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Turkish gov’t continued to limit religious minorities’ rights in 2021: US report

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The US Department of State has underlined in a recent report that Ankara continued to limit the rights of non-Muslim religious minorities, especially those not recognized under the government’s interpretation of the 1923 Lausanne Treaty, which includes only Armenian Apostolic Orthodox Christians, Jews and Greek Orthodox Christians.

Turkey’s ruling Justice and Development Party (AKP) and President Recep Tayyip Erdoğan were criticized in the report released on Thursday for many rights violations, including restricting efforts of minority religious groups to train their clergy, continued entry bans and deportations of non-Turkish citizen leaders of Protestant congregations and government officials’ use of antisemitic rhetoric in speeches.

“Government officials continued to use antisemitic rhetoric in speeches,” the report, titled “2021 Report on International Religious Freedom: Turkey,” said.

The report alluded to a speech by Erdoğan in May 2021 in which he said Israelis were “murderers, to the point that they kill children who are five or six years old. They are only satisfied with sucking their blood.”  

Following Erdoğan’s remarks, the Department of State spokesperson issued a statement condemning his antisemitic rhetoric, the report said.

Isolated acts of vandalism of places of worship and cemeteries continued in Turkey in 2021, according to the report, which mentioned the vandalizing of the gate of the Jewish cemetery in İzmir by unidentified individuals and a fire set at the gate of the historic Kasturya Synagogue, located in İstanbul.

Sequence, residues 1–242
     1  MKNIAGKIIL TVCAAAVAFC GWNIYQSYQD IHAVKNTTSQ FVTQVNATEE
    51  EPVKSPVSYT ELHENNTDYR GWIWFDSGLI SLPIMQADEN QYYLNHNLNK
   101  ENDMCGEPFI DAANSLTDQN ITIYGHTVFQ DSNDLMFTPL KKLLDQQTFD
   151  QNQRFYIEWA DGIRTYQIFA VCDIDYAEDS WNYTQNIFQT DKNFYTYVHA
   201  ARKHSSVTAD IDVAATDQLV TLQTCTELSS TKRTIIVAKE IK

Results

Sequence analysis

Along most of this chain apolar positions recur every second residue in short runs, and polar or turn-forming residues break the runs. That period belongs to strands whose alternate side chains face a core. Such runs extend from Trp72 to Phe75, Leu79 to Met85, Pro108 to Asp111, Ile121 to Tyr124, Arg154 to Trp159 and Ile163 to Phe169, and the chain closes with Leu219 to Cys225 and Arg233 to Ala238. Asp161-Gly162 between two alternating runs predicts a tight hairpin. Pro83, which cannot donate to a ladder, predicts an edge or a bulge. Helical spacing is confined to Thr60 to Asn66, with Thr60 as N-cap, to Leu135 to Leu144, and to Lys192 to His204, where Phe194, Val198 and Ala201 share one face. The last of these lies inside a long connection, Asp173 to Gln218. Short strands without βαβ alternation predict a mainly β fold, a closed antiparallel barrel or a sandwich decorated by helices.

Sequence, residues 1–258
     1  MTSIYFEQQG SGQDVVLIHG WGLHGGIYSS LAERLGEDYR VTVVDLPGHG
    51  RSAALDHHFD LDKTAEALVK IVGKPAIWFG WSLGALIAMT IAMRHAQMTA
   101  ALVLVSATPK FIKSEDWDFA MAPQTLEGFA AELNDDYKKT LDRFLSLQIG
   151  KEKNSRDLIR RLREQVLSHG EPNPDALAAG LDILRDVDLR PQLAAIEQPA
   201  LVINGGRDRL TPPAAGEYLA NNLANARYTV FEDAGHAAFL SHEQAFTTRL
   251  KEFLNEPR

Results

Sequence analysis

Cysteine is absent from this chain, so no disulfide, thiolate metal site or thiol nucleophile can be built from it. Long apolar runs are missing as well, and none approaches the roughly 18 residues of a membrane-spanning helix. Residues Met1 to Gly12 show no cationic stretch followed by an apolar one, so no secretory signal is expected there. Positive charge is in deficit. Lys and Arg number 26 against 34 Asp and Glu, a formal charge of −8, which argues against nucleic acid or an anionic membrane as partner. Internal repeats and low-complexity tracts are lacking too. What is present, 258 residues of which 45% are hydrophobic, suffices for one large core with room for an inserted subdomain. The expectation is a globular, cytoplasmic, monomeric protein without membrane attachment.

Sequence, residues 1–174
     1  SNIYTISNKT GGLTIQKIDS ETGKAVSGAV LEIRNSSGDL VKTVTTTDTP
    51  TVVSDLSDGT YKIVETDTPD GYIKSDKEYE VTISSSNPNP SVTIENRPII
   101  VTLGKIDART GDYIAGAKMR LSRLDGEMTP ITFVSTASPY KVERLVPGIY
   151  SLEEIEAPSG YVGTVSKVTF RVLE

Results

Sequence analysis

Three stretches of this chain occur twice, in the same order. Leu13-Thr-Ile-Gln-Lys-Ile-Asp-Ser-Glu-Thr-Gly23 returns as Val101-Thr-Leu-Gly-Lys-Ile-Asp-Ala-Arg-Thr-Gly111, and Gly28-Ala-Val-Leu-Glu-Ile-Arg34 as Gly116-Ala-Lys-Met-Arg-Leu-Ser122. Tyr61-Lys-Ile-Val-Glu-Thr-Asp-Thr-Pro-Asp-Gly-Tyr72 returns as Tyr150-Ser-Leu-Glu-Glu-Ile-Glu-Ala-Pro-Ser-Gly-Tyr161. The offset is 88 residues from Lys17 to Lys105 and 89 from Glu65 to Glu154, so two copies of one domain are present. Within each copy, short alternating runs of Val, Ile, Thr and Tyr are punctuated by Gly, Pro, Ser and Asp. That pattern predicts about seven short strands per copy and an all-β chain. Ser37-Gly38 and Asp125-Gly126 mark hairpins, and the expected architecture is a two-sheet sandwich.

The report also cited local media reports of unidentified individuals vandalizing Kurdish Alevi homes with graffiti that read, “Kurdish Alevi get out,” in the province of Mersin. 

According to the report, antisemitic discourse and hate speech continued in social media and the print press, pointing out that in August 2021 some social media personalities and journalists linked the devastating wildfires spreading through the country to a foreign rabbi living in the country. 

Continued calls by senior US officials, including the secretary of state, on the Turkish government to allow the reopening of the Greek Orthodox Halki Seminary and to permit the training of clergy members from all communities in the country were also mentioned in the report.

The report also highlighted fears that some members of the Uyghur Muslim community have about the pressure exerted by the People’s Republic of China (PRC) on the Turkish government to change its policy of not deporting members of the Uyghur diaspora to the PRC. 

The arrest of nine Kurdish Sunni imams in July 2021 who were charged with terrorism-related offenses and for preaching in Kurdish and then released was cited in the report, quoting the imams’ lawyer, who said he believed “freedom of religion and belief has been openly violated” because they could not preach in their chosen language. 

The report also pointed to deterioration with regard to freedom of speech in Turkey and mentioned that government media regulator the Radio and Television Supreme Council (RTÜK) fined independent television broadcasters for “insulting society’s religious values,”  and that the Constitutional Court upheld a regional court decision sentencing a journalist to seven months in prison for tweets “insulting religious values.” 

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